1. Depth and width increase of needed scientific knowledge: The CSA already conducts in-house measurement of certain inputs such as the number of publications produced. To hone its approach, the CSA is considering the establishment of a bibliometric system which will list the number of publications, citations and type of audiences associated with the fields of knowledge that are priorities for Other Government Departments (OGDs).

2. Space generated innovation index: Government of Canada and private sector organizations collect and publish a large amount of aggregate information on innovation. The CSA must be able to report satisfactorily on the impact of its programs on Canadian innovation. The CSA intends to draw from the performance measurement methods developed by the Organization for Economic Cooperation and Development (OECD), building on the partnership created since 2006 between the CSA and others members of the OECD Space Forum.

3. Acknowledgement/success stories by OGDs of impact on mandate delivery: The measurement of this indicator relies on the capability of the OGDs to systematically acknowledge the benefits obtained from applications developed with the support of the CSA. Longitudinal information will be collected jointly with the OGDs in order to analyse the impact of the support provided by the CSA on the delivery of their programs.


1 CSA: Government of Canada (2010). Improving the Measurement, Reporting and Assessment of Federally Performed Science and Technology




2.2 Program Activities


Space Data, Information and Services

Description: This Program Activity includes the provision of space-based solutions (data, information and services) and the expansion of their utilization. It also serves to install and run ground infrastructure that processes the data and operates satellites. This Program Activity utilizes space-based solutions assist Other Government Departments (OGDs) in delivering growing, diversified or cost-effective programs and services within their mandate, which is related to key national priorities, such as sovereignty, defence, safety and security, resource management, environmental monitoring and the North. It also provides academia with data required to perform its own research.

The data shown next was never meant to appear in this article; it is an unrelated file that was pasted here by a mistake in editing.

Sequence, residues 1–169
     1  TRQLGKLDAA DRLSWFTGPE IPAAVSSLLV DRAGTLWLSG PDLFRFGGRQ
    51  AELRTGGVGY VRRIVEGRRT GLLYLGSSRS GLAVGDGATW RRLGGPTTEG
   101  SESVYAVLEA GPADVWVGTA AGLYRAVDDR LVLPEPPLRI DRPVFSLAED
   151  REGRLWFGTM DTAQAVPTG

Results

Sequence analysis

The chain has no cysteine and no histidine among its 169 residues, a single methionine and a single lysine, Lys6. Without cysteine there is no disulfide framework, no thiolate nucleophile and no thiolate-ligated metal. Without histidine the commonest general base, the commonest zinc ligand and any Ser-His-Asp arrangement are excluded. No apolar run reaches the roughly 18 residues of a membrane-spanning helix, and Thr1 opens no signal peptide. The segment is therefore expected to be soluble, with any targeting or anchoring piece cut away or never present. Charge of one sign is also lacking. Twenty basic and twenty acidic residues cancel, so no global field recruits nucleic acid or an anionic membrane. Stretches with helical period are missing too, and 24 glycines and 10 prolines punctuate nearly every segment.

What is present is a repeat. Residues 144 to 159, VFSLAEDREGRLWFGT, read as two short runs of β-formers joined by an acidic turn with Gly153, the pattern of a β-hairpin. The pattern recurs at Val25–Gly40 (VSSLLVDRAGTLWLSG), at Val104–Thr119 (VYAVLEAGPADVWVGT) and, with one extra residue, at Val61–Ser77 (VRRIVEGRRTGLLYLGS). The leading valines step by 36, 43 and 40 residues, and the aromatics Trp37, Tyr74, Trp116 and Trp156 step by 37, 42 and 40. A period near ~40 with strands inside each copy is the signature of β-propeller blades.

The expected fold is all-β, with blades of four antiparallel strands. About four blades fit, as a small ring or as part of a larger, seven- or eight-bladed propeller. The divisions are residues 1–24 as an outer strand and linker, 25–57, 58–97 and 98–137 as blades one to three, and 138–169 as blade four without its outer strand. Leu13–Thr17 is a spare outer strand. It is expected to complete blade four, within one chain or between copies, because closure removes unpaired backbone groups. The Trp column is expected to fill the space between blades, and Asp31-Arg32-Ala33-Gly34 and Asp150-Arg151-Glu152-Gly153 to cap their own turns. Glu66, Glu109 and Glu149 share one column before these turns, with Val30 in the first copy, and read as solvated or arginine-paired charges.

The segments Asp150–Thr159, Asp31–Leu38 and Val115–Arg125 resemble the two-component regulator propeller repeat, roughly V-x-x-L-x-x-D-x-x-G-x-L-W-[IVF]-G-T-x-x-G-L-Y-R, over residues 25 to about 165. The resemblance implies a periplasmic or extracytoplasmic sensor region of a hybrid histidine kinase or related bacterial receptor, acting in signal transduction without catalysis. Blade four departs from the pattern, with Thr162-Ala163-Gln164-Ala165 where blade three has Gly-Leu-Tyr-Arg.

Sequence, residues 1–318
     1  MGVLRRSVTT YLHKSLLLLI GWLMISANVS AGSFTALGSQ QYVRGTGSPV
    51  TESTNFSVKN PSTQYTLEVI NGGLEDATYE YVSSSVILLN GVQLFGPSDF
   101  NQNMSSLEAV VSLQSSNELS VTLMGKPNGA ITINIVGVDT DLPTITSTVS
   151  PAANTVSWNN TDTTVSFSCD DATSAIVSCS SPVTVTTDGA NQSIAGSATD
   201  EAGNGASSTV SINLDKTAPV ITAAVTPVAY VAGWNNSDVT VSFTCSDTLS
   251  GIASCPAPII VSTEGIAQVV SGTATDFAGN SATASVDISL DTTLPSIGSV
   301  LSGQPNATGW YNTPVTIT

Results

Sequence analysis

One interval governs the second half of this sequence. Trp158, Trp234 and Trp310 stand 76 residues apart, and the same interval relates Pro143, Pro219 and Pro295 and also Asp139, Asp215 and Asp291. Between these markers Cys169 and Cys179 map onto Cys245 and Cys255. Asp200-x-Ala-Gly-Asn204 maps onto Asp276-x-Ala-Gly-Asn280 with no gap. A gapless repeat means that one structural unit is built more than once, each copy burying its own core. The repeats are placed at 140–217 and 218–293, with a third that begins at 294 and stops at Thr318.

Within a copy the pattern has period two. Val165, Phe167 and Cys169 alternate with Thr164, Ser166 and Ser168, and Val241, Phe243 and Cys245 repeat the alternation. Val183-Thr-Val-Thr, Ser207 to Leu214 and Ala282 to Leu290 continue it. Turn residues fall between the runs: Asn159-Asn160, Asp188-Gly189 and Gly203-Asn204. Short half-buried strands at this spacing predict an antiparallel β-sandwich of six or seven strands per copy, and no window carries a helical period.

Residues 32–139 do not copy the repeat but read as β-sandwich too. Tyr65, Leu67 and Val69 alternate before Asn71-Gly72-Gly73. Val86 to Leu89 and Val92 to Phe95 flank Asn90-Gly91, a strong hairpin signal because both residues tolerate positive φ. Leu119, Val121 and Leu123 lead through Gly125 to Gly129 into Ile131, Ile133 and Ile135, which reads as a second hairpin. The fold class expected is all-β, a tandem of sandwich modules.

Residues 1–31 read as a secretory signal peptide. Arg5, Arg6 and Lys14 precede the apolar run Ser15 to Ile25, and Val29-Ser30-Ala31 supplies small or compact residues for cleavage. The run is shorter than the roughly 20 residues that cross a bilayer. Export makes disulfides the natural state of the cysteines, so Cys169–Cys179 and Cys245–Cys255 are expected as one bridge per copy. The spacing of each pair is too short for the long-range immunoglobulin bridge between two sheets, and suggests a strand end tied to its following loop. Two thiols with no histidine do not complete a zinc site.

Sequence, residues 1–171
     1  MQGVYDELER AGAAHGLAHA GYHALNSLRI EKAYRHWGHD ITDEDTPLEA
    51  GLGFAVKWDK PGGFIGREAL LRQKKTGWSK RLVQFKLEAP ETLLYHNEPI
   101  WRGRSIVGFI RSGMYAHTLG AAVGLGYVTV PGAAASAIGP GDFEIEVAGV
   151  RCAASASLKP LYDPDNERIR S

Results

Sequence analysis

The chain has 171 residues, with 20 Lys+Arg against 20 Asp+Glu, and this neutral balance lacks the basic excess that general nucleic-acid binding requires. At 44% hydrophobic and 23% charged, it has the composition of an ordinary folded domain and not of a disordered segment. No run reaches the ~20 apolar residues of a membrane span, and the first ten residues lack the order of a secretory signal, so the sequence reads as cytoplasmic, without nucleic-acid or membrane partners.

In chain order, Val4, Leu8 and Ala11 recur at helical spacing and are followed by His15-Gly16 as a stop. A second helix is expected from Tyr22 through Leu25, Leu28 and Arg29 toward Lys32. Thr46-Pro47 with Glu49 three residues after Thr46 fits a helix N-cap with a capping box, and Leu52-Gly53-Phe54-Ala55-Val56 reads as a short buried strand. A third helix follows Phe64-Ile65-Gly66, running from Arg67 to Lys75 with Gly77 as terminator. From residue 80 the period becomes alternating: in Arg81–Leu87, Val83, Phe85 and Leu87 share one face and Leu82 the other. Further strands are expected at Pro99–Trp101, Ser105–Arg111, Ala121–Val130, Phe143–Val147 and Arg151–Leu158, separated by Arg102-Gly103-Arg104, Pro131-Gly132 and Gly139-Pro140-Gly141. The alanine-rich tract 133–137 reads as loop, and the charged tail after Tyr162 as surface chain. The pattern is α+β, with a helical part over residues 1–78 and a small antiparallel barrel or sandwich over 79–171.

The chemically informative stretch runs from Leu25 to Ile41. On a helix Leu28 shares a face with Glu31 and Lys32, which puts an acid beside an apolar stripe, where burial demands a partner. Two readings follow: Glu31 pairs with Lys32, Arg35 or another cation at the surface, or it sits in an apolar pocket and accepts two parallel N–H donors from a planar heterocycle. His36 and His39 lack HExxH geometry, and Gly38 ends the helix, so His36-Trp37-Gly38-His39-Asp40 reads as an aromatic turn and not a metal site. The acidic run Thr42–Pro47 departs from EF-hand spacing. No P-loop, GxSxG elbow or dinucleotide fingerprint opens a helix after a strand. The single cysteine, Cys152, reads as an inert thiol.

The services delivered through this Program Activity are rendered, and the data and information are generated and processed, with the participation of the Canadian space industry, academia, other government departments, national and international organizations, such as foreign space agencies, not-for-profit organizations, as well as provincial and municipal governments. This collaborative effort is formalized under national and international partnership agreements, contracts, grants or contributions.

SPACE DATA, INFORMATION AND SERVICES
PROGRAM ACTIVITY PERFORMANCE MEASUREMENT
Expected Result #1 Performance Indicators

User Other Government Departments (OGDs) offer more diversified or cost-effective programs and services due to their utilization of space-based solutions.

1. Number of OGDs' programs serviced by space data/services that are outlined in reports to parliament (RPP, DPR) of such users.

2. Degree of appreciation expressed by the OGDs through formal and informal structures.

Planning and Reporting Continuity:

RPP 2010-2011 and DPR 2009-2010:
http://www.asc-csa.gc.ca/eng/resources/publications/default.asp#parliament

Resources 2011-2012 2012-2013 2013-2014
Financial ($ in millions) 136.6 159.6 108.0
Human (FTEs) 103.7 103.7 103.7

Summary of Planning Highlights for Space Data, Information and Services

  • The CSA will continue to develop the RADARSAT Constellation mission (RCM). This project will enhance Canada's ability to use radar imagery for operational maritime surveillance, disaster management and ecosystem monitoring and will support the strategic objectives of Canada on security and sovereignty, particularly in the Arctic. The critical design phase of the RCM, initiated in March 2010, will continue with planned completion by July 2012. The launch of the first satellite is planned during the 2014-2015 fiscal year, followed by the second and third satellite launches during the 2015-2016 fiscal year.